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Baby rhino recovers after being shot at by poachers who killed her mum



‘Princess Pumpkin’ was nursed back to health in Zimbabwe (Picture: SWNS)

A young black rhino left injured by poachers who slaughtered her mother has been nursed back to health. 

‘Princess’ Pumpkin was gunned down aged around 16 months by hunters with a heavy calibre rifle in Zimbabwe – but has now made a full recovery.

She was found limping in the bush of the Bubye Valley Conservancy by members of the Lowveld Rhino Trust (LRT) on routine patrol, who described Pumpkin’s wounds as ‘quite severe’. 

The International Rhino Foundation’s (IRF) Natasha Anderson explained: ‘This little girl had enough personality and the fight for three rhinos. Although she was obviously scared without her mother and in considerable pain, the LRT team increasingly became more confident that she would recover from her bullet wounds because she was displaying what a fighter she was.’

The severity of her wounds was initially unclear before helpers flew in a vet from the capital Harare to assess her leg. 

And after six weeks of care she was released back into the wild, where the LRT hope she may continue a fledgling romance with a wild male rhino called Rocky, another orphan.

Staff explained that during her care they spent hours by her side making comforting rhino noises, to help combat loneliness – and were amused by her personality. 

Ms Anderson explained: ‘She became known as “Princess Pumpkin” due to her very fussy eating habits and the hilarious mini tantrums she would throw if anything was off schedule.’

Pumpkin was about 16 months old when she was injured (Picture: SWNS)

Staff noticed that a favourite antic was throwing her her food bowl, made from an old rear tractor tire, upside down so that she could eat her favourite items at the bottom first.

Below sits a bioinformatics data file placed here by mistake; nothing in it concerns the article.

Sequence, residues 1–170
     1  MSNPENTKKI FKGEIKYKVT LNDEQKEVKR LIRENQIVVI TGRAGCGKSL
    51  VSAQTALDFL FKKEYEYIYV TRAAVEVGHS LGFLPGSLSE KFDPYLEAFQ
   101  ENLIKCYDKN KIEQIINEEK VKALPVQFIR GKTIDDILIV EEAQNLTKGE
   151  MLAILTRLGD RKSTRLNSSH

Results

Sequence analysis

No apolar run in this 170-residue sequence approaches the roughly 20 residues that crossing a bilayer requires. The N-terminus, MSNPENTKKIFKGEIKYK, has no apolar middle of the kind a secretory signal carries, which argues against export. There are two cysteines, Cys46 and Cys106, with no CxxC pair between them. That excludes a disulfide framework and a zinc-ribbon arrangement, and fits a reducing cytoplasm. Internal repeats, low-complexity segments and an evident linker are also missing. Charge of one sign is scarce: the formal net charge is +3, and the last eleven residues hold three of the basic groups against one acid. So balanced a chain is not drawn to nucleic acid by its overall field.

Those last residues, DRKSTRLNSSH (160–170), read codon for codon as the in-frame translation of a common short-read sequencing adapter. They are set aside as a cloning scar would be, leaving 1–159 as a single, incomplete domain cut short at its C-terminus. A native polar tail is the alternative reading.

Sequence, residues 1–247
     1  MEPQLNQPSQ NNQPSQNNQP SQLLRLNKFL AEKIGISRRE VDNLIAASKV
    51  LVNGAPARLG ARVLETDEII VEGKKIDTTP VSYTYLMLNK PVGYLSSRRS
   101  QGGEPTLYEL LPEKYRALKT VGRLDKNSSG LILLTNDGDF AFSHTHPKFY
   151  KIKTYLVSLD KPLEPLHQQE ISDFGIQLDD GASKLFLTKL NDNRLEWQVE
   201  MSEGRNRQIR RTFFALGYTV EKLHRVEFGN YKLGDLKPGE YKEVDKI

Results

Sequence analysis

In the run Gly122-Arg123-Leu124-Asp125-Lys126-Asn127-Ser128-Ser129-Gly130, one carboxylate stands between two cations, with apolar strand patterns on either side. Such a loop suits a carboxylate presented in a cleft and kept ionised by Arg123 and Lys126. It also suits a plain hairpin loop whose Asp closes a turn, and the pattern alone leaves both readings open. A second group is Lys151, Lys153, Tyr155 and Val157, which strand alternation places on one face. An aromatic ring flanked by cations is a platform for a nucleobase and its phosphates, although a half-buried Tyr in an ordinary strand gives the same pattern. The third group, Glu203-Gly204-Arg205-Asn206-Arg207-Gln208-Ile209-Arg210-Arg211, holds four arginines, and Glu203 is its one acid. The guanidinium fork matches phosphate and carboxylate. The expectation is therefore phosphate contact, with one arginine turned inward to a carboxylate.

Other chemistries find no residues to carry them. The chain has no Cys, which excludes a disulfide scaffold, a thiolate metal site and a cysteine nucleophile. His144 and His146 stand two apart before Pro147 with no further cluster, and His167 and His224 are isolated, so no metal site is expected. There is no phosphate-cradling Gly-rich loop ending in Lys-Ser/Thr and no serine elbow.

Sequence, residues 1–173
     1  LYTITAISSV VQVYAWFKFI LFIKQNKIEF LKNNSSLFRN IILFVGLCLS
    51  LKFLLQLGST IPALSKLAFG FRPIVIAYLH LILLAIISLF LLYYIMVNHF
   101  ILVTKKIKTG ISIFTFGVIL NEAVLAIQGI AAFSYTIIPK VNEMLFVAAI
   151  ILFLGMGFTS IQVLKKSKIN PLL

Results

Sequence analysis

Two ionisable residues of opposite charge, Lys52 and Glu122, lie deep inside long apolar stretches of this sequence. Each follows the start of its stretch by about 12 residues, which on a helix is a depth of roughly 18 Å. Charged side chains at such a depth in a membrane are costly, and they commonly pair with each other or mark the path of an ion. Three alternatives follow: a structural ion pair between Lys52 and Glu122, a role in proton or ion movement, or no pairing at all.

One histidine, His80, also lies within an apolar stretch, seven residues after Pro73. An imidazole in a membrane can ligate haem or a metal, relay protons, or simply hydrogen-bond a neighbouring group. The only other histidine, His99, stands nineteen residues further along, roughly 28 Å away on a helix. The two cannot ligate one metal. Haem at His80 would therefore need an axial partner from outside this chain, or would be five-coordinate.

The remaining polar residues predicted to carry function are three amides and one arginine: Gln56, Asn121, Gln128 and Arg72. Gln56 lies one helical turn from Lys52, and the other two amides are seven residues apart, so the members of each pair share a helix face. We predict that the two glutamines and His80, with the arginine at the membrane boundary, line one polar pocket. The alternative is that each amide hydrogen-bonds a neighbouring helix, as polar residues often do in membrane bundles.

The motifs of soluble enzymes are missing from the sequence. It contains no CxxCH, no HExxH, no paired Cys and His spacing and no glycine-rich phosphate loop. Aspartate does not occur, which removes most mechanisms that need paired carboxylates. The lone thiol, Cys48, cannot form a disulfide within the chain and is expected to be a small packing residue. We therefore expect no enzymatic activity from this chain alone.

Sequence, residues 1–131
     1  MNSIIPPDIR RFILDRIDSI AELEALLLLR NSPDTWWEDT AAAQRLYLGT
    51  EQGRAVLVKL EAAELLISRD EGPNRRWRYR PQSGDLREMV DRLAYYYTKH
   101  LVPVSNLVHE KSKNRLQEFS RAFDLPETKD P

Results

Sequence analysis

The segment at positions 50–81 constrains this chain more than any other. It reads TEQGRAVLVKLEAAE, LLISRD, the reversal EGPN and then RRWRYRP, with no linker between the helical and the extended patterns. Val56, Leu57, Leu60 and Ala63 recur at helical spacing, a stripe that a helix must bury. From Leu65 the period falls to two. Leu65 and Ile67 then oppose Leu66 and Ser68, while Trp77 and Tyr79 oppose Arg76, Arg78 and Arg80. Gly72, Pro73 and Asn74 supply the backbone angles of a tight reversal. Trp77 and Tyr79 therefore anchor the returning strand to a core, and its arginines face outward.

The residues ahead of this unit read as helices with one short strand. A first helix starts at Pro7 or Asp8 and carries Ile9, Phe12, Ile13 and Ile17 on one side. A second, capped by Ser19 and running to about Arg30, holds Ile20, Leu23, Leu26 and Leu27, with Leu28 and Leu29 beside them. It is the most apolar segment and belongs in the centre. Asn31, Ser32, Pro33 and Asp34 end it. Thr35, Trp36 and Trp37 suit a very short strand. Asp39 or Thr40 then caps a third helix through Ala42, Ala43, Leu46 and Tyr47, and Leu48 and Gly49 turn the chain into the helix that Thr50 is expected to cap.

Initially the team had been forced to immobilise Pumpkin — who was given the name because it sounded soothing — in order to assess and treat her wounds – which were described as ‘quite severe.’

After being treated with antibiotics, she was then taken to specially constructed rhino bomas to continue her care and recover in safety away from lions and hyenas.

Food was given to her twice a day food was brought to provide a stable routine, helped by secret night visits from Rocky.

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Staff said that in the mornings they noticed his tracks where he had been circling her enclosure.

A few days after Pumpkin was released staff found her tracks with Rocky’s.

Ms Anderson said: ‘It’s likely they will join up and live together, both finding the company they craved at last since tragically losing their mothers to poaching.’

IRF recently released in its State of the Rhino report which said that in Africa, there was a small increase in the black rhino population from 5,500 in 2019 to 5,630.

But the species remains critically endangered and at a fraction of the 65,000 population level in 1970.

Only about 2,300 remained in the early 1990s, and the population is forecasted to continue to make small gains.

In Zimbabwe’s Bubye Valley, a 13.8% population growth was reported during the first six months of 2020.

Nina Fascione, IRF’s executive director, said: ‘Rhinos in Africa are dependent on protection and monitoring personnel for their continued safety.

‘LRT’s monitoring program is crucial. If you don’t know exactly how many rhinos are out there, it’s impossible to determine the level of poaching or its impact on protection efforts.’

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